West by Southwest

By the early twentieth century, artists from the East Coast, as well as emigres from Europe, were making their way to the handful of art colonies springing up out West. They came to places like Santa Fe, Sedona, even Colorado Springs, for a variety of reasons, ranging from magnificent scenery to a relatively low cost of living.

But none of these art colonies attained the lasting fame of Taos, which today boasts a national-class scene studded with such stars as Larry Bell, Agnes Martin and Susan Rothenberg. Contemporary art isn't the town's greatest artistic asset, however. That honor goes to art dating from Taos's golden age, from the 1920s to the 1940s, a period that shines in two handsome exhibits currently on display at the Foothills Art Center in Golden.

First up is Gustave Baumann Woodblock Prints, a selection of pieces displayed in the Metsopoulos Gallery, just past the entryway. Today Baumann is more highly regarded than he ever was during his lifetime. His signature woodblock prints are avidly sought by collectors, including the local law firm of Holme, Roberts & Owen, from whose collection independent art consultant and curator Ann Daley compiled much of this show. And even this small sampling quickly reveals why Baumann's work is in such demand: It's stunning.

Born in Germany, Baumann moved to Chicago as a child in 1891. After studying at the Chicago Art Institute, Baumann, already an accomplished printmaker, went to Taos for a visit in 1917. He never left.

Unlike many artists of his era who used master printers as collaborators, Baumann carried out the printmaking process from start to finish. He created the original sketch, carved the block, colored it and pulled the finished print. (The Foothills show includes four of Baumann's original, ink-smeared blocks, loaned by local collector Thomas Kerwin.) Baumann's most frequent subject was the Southwestern landscape. "Talaya Peak," an undated woodblock print, depicts the mountain of the title in the background, with a small group of men leading pack mules in the foreground. The scene is executed in exquisitely colored inks that have been applied in a thin and even wash, revealing the texture of the paper. This same effect marks "Church, Rancho de Taos," an undated woodblock print in which the famous mission is seen from the rear, with a group of pilgrims walking toward it and away from the viewer.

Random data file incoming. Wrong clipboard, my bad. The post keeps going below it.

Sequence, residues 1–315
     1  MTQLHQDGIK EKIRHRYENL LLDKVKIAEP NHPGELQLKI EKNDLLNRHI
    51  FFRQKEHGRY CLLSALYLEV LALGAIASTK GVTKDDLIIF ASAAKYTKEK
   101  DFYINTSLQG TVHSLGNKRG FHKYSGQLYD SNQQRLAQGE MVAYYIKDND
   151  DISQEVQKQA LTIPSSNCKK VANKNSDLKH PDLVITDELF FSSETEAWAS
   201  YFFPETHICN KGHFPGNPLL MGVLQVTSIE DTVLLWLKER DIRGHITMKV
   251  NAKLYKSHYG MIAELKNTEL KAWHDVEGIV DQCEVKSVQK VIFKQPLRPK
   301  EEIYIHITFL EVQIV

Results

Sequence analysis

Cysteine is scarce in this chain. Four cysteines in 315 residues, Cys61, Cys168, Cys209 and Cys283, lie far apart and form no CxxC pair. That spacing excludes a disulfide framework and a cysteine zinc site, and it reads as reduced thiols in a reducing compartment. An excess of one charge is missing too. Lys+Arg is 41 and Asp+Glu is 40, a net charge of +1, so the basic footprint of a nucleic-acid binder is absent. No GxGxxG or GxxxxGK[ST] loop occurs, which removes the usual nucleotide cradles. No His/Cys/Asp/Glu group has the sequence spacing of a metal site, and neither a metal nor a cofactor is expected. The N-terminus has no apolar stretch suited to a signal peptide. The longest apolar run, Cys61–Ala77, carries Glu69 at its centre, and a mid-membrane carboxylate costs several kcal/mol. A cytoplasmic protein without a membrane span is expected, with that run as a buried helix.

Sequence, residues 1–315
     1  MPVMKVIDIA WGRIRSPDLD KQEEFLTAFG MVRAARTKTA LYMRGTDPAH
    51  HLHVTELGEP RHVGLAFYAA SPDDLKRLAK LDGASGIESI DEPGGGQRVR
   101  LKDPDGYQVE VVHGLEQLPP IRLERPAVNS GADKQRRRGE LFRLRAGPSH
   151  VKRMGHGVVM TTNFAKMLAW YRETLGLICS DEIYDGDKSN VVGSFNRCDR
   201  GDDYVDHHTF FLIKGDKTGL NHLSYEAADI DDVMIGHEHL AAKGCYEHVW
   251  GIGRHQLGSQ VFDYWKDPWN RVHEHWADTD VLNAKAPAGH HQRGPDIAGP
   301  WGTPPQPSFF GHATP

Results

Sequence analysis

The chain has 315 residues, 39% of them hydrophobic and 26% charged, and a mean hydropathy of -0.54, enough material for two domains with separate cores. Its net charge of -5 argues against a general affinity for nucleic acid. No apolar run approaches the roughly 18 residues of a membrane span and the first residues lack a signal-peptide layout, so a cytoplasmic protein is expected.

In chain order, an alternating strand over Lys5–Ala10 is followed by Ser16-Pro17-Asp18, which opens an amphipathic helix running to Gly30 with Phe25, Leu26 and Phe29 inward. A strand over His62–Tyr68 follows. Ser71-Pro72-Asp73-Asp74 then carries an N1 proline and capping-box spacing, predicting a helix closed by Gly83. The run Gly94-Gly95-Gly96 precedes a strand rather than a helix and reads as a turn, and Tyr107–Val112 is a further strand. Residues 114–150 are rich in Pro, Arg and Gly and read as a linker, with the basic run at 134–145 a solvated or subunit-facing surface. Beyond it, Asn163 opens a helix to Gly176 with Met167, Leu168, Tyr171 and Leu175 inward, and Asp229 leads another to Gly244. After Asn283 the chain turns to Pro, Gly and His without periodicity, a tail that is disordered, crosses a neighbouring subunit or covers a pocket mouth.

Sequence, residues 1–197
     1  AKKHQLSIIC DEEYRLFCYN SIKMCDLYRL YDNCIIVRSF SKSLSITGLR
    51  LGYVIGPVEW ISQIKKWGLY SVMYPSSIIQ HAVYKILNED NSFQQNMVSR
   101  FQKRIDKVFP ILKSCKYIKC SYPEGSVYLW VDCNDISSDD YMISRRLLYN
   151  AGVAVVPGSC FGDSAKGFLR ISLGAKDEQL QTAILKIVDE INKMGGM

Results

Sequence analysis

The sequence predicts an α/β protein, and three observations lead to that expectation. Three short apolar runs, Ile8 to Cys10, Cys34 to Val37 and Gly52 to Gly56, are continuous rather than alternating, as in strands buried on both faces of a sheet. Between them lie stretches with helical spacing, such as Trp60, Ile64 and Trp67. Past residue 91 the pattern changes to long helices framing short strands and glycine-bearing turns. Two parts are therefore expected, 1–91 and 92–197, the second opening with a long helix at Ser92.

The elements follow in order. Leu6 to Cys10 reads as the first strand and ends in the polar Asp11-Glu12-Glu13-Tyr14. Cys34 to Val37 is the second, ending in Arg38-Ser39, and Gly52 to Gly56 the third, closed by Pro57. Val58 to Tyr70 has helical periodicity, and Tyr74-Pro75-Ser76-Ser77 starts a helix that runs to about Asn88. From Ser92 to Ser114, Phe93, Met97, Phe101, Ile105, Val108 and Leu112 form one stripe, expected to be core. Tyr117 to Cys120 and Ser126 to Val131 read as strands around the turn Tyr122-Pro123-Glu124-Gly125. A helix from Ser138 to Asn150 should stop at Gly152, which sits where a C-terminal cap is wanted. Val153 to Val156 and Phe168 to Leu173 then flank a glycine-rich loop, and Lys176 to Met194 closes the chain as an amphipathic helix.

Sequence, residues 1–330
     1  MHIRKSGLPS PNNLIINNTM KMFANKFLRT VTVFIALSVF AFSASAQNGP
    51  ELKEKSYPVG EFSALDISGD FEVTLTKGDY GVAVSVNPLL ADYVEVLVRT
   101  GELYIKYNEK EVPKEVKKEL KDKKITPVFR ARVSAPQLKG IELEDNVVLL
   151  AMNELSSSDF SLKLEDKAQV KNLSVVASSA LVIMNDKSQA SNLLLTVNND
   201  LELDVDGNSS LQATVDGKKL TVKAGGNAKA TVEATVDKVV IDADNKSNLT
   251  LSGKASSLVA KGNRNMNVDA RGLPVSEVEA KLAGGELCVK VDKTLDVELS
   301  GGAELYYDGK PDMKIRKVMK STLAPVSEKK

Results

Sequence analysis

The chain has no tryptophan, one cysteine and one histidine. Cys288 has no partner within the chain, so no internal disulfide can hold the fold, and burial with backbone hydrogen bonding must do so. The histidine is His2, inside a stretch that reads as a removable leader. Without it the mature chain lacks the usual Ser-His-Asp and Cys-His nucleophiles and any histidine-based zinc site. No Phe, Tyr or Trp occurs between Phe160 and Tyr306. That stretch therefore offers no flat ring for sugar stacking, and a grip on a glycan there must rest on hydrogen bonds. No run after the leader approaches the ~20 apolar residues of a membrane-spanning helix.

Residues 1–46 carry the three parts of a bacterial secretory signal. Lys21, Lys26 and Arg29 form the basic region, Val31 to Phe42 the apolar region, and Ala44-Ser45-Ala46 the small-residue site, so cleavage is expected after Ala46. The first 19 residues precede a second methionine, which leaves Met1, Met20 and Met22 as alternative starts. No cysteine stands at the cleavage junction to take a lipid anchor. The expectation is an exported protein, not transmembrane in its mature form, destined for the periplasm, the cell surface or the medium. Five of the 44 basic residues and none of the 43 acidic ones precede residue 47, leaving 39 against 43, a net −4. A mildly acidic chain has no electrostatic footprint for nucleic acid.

Baumann was one of the first American artists to experiment with applying metals to prints, and one of the finest pieces here is the still life "Tulips," an undated woodblock print that includes silver leaf. While the flowers are done in colored ink, the background is covered in silver that has been inscribed with geometric abstract patterns. This piece alone is worth a trip to Golden.

But there's much more to see at Foothills. Taos Masters From the Harmsen Collection, installed in the Bartunek Gallery, focuses on the history of the famous art colony. The works here are part of the 2,000-plus-piece collection of retired Jolly Rancher tycoons Bill and Dorothy Harmsen, who've been collecting Western art with a passion for the past forty years. The Taos art shown at Foothills is just one specialty in their collection, which also includes cowboy bronzes and Indian pottery. And the couple isn't finished yet: The Harmsen Museum of Art is slated to open in the fall of 2000 in the not-yet-completed Denver West regional shopping district in Lakewood. The museum will occupy a 60,000-square-foot structure, built from the ground up with special features to accommodate the collection. Although construction has not yet begun, the Harmsen already has a governing board that includes representatives of the Harmsen family as well as a director, Daniel Provo, who was hired last summer.

Provo selected the paintings for the Taos Masters exhibit, and his choices include many works from the turn of the century, when Taos was already a center for art production. Before the East Coast artists arrived, inhabitants of the Taos Pueblo were producing pottery, among other artifacts; Hispanics in nearby Chimayo were already known for their weavings. But the art influx began in earnest in 1898, when Bert Phillips and Ernest Blumenshein set out from Denver on a painting excursion and broke a wheel on their supply wagon just north of Taos. The rest is art history.

Although this first generation of Taos artists embraced many styles, impressionism predominated. And examples of the unique Southwestern impressionism that flourished in New Mexico, with its characteristic dusty palette, abound in Taos Masters. In his magnificent oil-on-canvas portrait of an Indian chief, "Eagle Fan," Blumenshein employs big, slashing brush strokes for a freely painted piece. Another American impressionist master, Robert Henri, takes the same uninhibited approach in his gorgeous "Water of Antelope Lake," an oil-on-canvas three-quarter portrait of a Navajo woman. Although Henri, who lived in Philadelphia, was not a permanent Taos resident, he did make several painting trips to the town.

The Taos artists looked not only to the local scenery, but also to its inhabitants, giving their narrative scenes true local color. The oil on canvas "Morning Shade," by Oscar Berninghaus, shows Indians standing in an adobe village in the shade of a shed; beige, brown and blue convey the heat and the dryness of the region. A very different mood is cast by Walter Ufer's "From Winter Pasture," an oil on canvas that captures the profile of an Indian on horseback before the snow-covered mountains.

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